Photo Credit: Michael Menefee
The wild, rugged nature of Colorado is why many of us live in the Centennial State. We know the feeling of being small while gazing up at mountain peaks and the awe of seeing an ocean of grassland stretch out before us for miles. Being able to leave the city and take in the wilderness is part of our attraction to Colorado. There are quintessential southern Colorado experiences we all know: driving west on highway 24 and seeing Pikes Peak out the left-side window; taking the rumbling Shelf Road from Cripple Creek and Victor to Canon City and not seeing a building for miles; watching the elk and mule deer or the migratory birds travel, uninterrupted, on their journeys. These experiences are possible because private landowners chose to conserve and protect the land they own.
As witnesses to our majestic landscape, we often don't know if land is public or private, but more than 56 percent of Colorado's land is privately held. That number jumps to 89 percent on the eastern plains. Wildlife species like burrowing owls, ferruginous hawks, the swift fox, and others are mostly found on private land. The pronghorn is highly dependent on private land, and approximately 95 percent of crticial winter range for mule deer is located on private land.
Private lands maintain the views and identity of Colorado. These private property acres are what create a buffer aorund our cities, attract tourists who want to see Colorful Colorado, and make a road trip through the state such a mesmerizing experience. Studies show that unspoiled natural landscapes are our tourists most valued attribute of Colorado, making them a significant economic strength. The views that private conserved land make possible are crucial to our region's - and our state's - economic future.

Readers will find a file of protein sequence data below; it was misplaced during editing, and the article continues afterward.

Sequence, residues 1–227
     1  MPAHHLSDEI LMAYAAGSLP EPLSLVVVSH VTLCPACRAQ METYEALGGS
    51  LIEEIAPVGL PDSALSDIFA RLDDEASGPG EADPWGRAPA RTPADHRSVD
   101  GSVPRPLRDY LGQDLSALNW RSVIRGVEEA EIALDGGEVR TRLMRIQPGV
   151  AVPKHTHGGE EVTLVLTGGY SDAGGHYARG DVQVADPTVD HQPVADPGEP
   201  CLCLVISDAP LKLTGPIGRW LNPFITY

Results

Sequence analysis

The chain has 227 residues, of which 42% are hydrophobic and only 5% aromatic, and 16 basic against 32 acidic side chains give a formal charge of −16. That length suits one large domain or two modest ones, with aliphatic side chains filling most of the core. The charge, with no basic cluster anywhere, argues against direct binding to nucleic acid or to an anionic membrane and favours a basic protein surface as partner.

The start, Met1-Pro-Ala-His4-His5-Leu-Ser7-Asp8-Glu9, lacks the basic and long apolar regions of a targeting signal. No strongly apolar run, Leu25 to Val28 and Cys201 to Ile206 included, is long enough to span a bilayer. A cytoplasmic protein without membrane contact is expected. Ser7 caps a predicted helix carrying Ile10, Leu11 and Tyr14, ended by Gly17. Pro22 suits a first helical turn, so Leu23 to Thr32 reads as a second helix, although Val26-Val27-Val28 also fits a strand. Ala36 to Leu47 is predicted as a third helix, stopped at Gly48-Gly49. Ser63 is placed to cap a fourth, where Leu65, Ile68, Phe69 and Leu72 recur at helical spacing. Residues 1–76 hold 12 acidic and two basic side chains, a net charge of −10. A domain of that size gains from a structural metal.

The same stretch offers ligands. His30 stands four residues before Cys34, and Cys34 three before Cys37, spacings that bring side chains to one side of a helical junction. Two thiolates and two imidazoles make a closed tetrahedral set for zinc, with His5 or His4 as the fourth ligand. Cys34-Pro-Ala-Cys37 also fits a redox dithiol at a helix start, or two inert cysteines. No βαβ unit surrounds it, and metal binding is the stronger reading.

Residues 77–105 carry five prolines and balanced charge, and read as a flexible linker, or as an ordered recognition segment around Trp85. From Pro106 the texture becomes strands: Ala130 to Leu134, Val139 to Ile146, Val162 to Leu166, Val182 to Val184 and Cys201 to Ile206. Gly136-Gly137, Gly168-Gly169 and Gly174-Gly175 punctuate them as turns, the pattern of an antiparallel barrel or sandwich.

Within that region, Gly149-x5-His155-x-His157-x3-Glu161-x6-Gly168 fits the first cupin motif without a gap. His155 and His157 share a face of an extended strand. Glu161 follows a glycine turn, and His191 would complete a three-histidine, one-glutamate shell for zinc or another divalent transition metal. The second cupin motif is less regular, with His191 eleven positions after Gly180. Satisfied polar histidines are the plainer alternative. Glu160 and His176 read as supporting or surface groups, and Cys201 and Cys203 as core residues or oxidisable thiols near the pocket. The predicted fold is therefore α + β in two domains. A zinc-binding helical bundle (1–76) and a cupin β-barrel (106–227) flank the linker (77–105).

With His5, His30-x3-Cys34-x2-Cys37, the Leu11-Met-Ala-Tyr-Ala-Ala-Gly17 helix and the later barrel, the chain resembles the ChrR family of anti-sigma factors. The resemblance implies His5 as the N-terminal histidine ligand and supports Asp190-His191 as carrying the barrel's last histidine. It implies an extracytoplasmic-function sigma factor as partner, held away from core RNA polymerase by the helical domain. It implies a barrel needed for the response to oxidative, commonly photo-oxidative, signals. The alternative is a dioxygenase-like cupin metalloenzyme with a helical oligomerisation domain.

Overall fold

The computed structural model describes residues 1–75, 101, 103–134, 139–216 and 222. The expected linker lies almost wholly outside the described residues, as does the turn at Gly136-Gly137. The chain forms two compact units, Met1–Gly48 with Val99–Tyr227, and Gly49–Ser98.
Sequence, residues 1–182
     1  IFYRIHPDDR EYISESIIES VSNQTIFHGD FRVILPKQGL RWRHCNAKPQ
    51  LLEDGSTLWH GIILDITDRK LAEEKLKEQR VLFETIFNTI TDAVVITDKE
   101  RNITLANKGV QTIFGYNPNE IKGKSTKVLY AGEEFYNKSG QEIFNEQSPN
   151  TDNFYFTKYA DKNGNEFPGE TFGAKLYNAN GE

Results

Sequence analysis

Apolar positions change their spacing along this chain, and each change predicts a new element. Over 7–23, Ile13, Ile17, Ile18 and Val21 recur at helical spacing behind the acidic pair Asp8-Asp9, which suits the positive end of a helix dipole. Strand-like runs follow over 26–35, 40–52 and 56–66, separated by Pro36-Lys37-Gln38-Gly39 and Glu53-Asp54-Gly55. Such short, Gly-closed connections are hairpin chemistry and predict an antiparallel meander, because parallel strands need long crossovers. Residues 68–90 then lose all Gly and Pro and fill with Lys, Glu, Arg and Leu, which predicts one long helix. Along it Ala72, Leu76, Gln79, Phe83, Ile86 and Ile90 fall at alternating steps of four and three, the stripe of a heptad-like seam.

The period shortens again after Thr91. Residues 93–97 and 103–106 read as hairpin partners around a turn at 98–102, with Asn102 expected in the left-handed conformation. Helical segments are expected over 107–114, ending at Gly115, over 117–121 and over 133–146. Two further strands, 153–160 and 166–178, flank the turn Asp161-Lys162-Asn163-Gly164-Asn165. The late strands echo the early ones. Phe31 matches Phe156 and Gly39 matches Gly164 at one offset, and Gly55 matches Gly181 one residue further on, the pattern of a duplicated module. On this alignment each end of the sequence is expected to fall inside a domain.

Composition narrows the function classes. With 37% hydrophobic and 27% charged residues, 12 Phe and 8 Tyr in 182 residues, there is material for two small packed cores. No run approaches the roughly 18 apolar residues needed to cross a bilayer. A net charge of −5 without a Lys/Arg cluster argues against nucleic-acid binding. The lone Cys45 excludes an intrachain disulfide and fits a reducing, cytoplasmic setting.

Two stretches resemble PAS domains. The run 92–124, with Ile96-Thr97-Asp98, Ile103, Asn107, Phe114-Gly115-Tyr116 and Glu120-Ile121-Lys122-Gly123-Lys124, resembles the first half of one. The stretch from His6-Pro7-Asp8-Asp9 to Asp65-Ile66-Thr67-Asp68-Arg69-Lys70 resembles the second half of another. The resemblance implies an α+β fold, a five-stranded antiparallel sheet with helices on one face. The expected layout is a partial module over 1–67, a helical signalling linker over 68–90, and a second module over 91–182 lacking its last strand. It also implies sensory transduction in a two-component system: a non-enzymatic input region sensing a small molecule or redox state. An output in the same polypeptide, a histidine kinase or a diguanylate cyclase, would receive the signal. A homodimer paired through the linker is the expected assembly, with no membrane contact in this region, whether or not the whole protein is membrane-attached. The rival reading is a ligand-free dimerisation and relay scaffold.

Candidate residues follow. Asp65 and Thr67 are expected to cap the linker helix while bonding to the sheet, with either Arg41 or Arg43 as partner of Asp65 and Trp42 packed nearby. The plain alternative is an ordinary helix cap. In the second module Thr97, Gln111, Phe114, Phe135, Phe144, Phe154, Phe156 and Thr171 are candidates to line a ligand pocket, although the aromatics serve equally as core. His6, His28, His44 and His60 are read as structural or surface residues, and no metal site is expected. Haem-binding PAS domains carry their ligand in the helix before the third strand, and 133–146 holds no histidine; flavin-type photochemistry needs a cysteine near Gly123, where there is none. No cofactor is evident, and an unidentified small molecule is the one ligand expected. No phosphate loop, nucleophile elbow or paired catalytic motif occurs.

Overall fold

Open lands are disappearing at an alarming rate in some parts of the state. Without these private lands, Colorado will be a vastly different place. Our beloved, uninterrupted open spaces would be missing. Continued conservaiton of open spaces is critical, and that work can only be done through close partnerships with private landowners. They are the unsung heroes of Colorado's natural heritage. Their dedication to protecting the landscape that is the very essence of Colorado is what enables conservation organizations like Palmer to achieve what it has. The next time you take in an awe-inspiring view, take a moment to thank the landowner that makes that experience possible.